A Stormtrooper checks your ID at this new Star Wars-themed pop-up bar
I've never had a Stormtrooper check my ID before I could enter a bar — and, unless you've hung out in Mos Eisley, you probably haven't either. But that was the case on opening night at Dark Side Bar, a new Star Wars-inspired pop-up in the District that also opened locations in Lower Manhattan and inside Hollywood's historic Chinese Theatre this week.
The bar on H Street NE has a long, dark and moody room, lighted by red neon, strings of red lights and orb-shaped lamps that look like a fully operational battle station. One wall displays an array of blasters, mounted between glowing red-lined panels. “It's supposed to be that you're in a bar inside the Death Star, or a bar where a Stormtrooper would go after work and complain about how mean the Emperor was to him that day,” says Dark Side Bar creator Zach Neil.
Although the space isn't as lavishly decorated as the “Game of Thrones” pop-up bar in Shaw, its opening night drew customers in Jedi robes and an Imperial dress uniform. The staff wore a variety of outfits: At one point, Darth Vader came moonwalking through the room, then posed for selfies with people by the bar. Neil has booked several large groups of 50 to 75 cosplayers who have plans to party in costume.
Expect the Dark Side Bar to live up to Neil's description of “a total space-nerd hangout.” Entertainment will include trivia nights and “alien speed dating,” where participants will be required to wear a costume or face paint while trying to forge a connection over icebreaker questions like, “Who shot first: Han or Greedo?” (If that question makes no sense, this probably isn't the right bar for you.)
On Fridays and Saturdays from 9 p.m. to midnight, there's a burlesque show with “sexy aliens” —think dancers with green skin, wearing costumes or masks. “That would totally be in a Sith bar,” Neil says. “If the Jedis are off drinking milk and hanging out with ewoks, the Sith are going to be drinking whiskey and watching alien strippers.”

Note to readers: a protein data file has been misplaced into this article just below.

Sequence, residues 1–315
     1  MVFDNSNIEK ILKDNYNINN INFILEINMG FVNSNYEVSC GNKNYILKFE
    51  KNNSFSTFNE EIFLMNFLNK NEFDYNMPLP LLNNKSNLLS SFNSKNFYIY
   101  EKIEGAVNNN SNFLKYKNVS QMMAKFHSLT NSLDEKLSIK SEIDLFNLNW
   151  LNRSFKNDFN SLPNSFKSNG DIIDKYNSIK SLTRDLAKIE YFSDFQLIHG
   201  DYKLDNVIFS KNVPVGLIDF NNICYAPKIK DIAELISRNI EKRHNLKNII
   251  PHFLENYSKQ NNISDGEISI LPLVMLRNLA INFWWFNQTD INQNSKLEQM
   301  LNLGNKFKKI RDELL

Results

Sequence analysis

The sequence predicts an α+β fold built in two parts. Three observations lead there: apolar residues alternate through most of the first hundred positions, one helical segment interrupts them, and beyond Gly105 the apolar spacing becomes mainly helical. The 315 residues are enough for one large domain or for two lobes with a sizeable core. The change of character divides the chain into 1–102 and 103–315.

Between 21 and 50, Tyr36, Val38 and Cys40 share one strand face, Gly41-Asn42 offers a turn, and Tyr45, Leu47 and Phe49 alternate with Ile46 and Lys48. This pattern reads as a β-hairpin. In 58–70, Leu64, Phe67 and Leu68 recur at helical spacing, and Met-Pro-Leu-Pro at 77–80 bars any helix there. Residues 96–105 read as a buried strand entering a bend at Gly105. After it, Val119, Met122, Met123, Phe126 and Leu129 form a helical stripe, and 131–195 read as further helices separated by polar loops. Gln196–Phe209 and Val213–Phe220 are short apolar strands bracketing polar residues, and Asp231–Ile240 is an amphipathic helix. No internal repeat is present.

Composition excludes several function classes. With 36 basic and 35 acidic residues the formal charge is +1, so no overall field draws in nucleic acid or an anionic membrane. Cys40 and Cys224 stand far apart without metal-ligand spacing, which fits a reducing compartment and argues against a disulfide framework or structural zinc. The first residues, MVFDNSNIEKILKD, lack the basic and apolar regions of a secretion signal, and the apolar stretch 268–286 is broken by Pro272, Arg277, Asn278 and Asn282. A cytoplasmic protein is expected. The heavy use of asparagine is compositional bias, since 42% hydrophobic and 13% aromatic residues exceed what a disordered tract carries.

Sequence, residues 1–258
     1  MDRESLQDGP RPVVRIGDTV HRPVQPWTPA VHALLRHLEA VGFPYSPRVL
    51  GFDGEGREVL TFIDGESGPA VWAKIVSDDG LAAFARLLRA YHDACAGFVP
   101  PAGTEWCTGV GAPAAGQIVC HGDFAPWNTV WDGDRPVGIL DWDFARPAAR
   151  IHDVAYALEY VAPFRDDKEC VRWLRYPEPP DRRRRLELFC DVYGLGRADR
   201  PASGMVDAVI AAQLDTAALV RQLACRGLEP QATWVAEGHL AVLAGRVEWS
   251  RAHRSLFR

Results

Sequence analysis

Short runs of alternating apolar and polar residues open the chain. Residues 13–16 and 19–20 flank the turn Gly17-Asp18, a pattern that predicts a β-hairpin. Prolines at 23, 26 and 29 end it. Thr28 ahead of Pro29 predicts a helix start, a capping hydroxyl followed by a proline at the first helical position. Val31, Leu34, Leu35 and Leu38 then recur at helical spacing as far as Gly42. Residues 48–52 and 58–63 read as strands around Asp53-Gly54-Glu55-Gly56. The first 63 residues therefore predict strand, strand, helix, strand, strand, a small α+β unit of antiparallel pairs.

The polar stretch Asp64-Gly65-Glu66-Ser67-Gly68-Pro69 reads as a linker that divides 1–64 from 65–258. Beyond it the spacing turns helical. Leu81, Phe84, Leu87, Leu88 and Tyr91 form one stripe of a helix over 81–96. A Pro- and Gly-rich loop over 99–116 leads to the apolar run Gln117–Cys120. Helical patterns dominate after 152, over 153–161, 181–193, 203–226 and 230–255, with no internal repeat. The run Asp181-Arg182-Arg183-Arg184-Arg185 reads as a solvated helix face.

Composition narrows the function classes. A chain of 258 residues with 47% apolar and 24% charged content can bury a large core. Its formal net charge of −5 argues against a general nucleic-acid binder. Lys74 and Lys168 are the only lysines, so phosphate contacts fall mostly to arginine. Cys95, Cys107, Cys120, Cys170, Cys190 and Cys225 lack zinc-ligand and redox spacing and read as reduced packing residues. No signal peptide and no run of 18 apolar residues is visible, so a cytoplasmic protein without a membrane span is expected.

Getting in might not be easy or cheap. The Dark Side Bar uses the Tock reservation system so customers can reserve entry for a two-hour block of time. A ticket costs $33 and includes two drinks, but not tax or a mandatory 18 percent service charge, which takes the total to $40.84. If you walk up without reservations, it's $40 plus tax and gratuity — if there's room.
The perk to using Tock? No waiting in line for hours to get in, as is the case at other pop-up bars.
Once you're in, the house cocktails are not the cocktails you are looking for. The Red Force and Blue Force are college-party sugar bombs — the latter is Hendricks Gin, blue curacao and a sugar rim — with glow-in-your-glass ice cubes. The Imperial sounds promising, with spiced rum, maple syrup, lemon and a dash of cayenne pepper, but it was as balanced as the Force at the end of “Revenge of the Sith.” You're better off ordering a regular cocktail or a can of DC Brau.
This isn't a Lucasfilm-endorsed concept — hence the lack of T-shirts for sale, or cocktails called the Skywalker or the Battle of Yavin. Instead, Neil says, it's an homage to the cultlike fandom that surrounds the Star Wars saga, especially with “The Last Jedi” set to open on Dec. 15. “We do this stuff because we love to do it,” he says.
I'm sure there are quite a few Washingtonians ready to dress up and join them.